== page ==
Greenwashed campaigns fail to consider who will be disproportionately harmed

To the Editor:
Before moving to the United States for college, I watched my beautiful home country, Zambia, experience an increase in the frequency and intensity of extreme weather events such as floods, storms, and droughts. These events caused substantial damage to infrastructure, homes, agricultural lands, and the people.

In moving to Saratoga Springs for college and integrating into a community so foreign to my own, I quickly understood the true importance of entrenching myself in the fight for climate justice.

Earth Day has historically been a beacon of activism on college campuses. On the first Earth Day in 1970, college students held festivals and assemblies. In an explosion of teach-ins, they called attention to the injustices threatening our air and water and demanded immediate change.

On that day, the environmental movement was launched on college campuses through an Earth Day that, for all its merits, did not center on environmental justice.

Today, the time has come for college students to once more demand that our institutions take immediate action on climate change. At Skidmore College, we are protesting with Reclaim Earth Day, a coalition of over 100 campuses and community organizations taking back Earth Day from fossil-fuel interests and building a long-term movement for environmental justice.

Alongside thousands of young people from the Sunrise Movement and Fridays for Future, we are calling on our government and institutions to declare a climate emergency.

The impact of climate change on communities in the global south, like that in my hometown, is often overlooked in mainstream discussions on environmentalism. Though governments and businesses continue to urge us to choose paper straws and feed us narratives that center on reduction of individual waste, the real culprit lies unmentioned.

More importantly, greenwashed campaigns fail to consider who will be disproportionately harmed by the extractive industries protected by superficial environmentalism. The fossil-fuel economy and extractive industries consistently and disproportionately contaminate the air and water of Black, Brown, Indigenous, and low-income communities like the one I grew up in.

This reality has birthed a sinister global network that disposes of human bodies to further serve wealthy, white members of Western countries.

This Earth Day, as we challenge the superficially sustainable initiatives force-fed to us by our college campuses, the most important work is that of centering the perspectives of communities that have been historically sidelined.

In reconsidering assumptions about the environmental movement, action must focus specifically on the intersection between environmental degradation and racial injustice. The fight against fossil fuels is a fight against the cycles of injustice that both uphold and are sustained by extractive industries.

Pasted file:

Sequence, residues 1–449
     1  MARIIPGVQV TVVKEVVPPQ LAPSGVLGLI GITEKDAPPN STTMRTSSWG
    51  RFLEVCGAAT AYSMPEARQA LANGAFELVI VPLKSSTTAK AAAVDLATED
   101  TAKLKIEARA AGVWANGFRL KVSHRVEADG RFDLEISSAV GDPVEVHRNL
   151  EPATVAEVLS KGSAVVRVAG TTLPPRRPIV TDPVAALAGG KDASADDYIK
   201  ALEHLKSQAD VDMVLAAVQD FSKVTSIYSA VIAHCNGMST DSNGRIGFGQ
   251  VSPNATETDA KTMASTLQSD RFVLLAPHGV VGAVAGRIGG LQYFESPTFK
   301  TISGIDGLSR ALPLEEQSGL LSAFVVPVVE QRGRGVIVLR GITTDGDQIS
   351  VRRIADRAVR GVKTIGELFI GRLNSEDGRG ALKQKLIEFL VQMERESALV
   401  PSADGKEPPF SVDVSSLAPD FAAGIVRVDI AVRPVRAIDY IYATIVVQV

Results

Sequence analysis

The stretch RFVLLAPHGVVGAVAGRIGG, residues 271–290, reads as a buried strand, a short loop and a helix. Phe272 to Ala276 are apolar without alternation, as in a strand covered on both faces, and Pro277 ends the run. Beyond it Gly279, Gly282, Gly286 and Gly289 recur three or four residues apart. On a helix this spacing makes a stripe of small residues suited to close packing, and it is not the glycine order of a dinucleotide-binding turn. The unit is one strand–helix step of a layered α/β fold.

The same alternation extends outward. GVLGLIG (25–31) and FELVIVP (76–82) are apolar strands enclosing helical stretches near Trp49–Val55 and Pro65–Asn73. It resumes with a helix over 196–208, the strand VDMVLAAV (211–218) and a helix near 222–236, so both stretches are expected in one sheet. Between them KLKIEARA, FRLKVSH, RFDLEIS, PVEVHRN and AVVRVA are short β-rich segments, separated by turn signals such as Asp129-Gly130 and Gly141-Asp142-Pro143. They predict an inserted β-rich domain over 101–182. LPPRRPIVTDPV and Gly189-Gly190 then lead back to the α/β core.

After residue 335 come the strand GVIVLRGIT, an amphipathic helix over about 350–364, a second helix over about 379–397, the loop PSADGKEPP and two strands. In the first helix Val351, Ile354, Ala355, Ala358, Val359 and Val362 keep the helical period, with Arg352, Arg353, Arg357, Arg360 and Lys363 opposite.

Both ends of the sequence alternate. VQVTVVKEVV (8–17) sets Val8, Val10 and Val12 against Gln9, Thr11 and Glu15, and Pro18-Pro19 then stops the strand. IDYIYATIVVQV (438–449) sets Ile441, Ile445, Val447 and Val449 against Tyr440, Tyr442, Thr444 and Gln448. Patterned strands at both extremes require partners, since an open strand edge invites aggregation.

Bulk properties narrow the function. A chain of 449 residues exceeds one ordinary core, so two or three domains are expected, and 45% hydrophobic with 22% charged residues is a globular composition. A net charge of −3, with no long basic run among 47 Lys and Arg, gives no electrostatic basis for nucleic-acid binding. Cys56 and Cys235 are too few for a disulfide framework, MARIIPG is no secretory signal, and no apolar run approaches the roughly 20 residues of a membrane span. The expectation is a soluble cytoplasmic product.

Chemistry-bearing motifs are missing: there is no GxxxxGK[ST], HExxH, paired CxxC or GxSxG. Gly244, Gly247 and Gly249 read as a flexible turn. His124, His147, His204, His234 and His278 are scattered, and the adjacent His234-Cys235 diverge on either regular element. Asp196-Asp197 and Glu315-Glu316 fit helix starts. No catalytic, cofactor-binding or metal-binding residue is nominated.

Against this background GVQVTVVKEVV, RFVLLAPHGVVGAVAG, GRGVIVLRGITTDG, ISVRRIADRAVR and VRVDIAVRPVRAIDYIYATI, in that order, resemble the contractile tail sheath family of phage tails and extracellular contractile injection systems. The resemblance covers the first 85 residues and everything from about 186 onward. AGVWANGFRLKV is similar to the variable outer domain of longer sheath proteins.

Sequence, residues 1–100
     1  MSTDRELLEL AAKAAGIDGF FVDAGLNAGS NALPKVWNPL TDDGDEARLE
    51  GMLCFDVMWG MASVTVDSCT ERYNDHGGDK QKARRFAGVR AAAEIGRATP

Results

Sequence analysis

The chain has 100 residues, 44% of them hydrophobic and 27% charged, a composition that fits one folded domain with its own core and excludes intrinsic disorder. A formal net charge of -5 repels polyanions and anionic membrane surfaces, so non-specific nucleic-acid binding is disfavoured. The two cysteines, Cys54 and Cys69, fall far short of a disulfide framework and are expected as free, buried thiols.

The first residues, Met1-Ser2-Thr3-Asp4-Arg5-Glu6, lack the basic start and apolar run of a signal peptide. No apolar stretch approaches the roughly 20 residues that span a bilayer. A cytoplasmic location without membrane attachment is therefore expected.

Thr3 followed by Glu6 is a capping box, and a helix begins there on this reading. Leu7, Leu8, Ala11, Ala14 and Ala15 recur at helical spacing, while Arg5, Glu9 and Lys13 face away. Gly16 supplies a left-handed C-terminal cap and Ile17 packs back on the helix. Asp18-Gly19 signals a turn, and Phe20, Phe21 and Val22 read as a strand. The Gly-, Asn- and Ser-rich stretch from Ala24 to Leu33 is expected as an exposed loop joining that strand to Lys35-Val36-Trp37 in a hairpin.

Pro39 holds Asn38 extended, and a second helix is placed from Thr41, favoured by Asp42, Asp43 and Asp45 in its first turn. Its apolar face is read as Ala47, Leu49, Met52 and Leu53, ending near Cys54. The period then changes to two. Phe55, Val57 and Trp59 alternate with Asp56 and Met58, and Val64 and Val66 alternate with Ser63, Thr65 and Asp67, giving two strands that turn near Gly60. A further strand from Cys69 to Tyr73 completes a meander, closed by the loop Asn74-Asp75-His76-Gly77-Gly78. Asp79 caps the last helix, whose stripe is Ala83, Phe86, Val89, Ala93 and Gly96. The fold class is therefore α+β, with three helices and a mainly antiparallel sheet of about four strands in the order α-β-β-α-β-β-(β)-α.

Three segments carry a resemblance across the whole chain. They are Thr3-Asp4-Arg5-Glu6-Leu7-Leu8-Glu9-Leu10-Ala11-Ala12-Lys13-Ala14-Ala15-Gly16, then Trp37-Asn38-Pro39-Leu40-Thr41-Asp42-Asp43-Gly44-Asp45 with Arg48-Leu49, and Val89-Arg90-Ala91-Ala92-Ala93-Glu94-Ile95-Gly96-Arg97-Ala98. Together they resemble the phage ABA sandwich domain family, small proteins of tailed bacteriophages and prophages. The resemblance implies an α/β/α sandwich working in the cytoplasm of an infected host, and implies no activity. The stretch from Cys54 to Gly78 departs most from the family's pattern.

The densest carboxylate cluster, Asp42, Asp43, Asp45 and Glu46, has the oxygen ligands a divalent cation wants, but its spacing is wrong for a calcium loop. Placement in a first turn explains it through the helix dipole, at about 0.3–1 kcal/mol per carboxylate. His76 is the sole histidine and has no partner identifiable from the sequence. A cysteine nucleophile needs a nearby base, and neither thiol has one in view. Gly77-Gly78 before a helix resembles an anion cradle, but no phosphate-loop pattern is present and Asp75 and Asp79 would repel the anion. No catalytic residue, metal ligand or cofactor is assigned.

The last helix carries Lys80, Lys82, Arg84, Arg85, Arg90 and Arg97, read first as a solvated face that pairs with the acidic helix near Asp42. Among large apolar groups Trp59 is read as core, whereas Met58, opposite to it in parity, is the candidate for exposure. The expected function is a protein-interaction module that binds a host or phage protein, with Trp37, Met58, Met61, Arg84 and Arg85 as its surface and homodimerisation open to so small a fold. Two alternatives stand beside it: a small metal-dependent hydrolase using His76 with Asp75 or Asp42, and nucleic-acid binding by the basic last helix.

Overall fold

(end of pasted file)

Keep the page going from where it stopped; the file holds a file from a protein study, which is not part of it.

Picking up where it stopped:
Climate change embodies the accumulation of centuries of harm inflicted upon humanity and our environment, fundamentally underscoring its status as a social-justice imperative. We refuse to continue reducing lives to dollar values, and we demand our governments and institutions do the same.

We follow in the footsteps of the first Earth Day, not to repeat it, but to reclaim it. In building a multiracial, cross-class movement, we are moving to destroy fossil-fuel influence in our politics and institutions, and center the communities most impacted by the climate crisis.

This change starts in our educational institutions. As with the inaugural Earth Day in 1970, education sparks transformation. Multiple schools in Saratoga Springs and the Capital Region consistently repress student activism, and attempt to suffocate efforts of facilitating this critical reframe.

Student activism, characterized by peaceful protests, art builds, and teach-ins, should be uplifted by our institutions, rather than stifled under the cover of implied threats ….

We demand access to concrete statistics and information about where our schools invest their endowments and the status of prospective divestment campaigns. We cannot allow universities to leverage empty promises of cleaner energy, and duplicit campaigns of sustainability to garner prospective applicants. The students, and inhabitants of the surrounding communities, deserve better.

By continuing to perpetuate the cycle of harm, universities cannot claim to responsibly educate the next generation while our classrooms drip with oil influence and continue to degrade surrounding communities.

Instead of greenwashing, symbolic acts, or stagnant sustainability goals, we are pushing for fair partnerships with local environmental-justice organizations, municipalities, and K-12 schools. We are pushing for full transparency and initiatives we can actually rely on …

When universities cut ties with the fossil-fuel industry and partner with neighbors to improve the air, water, and education of our entire community, they become true leaders of change.

Christina Constantinou

Saratoga Springs

Editor’s note: Christina Constantinou is a student at Skidmore College.

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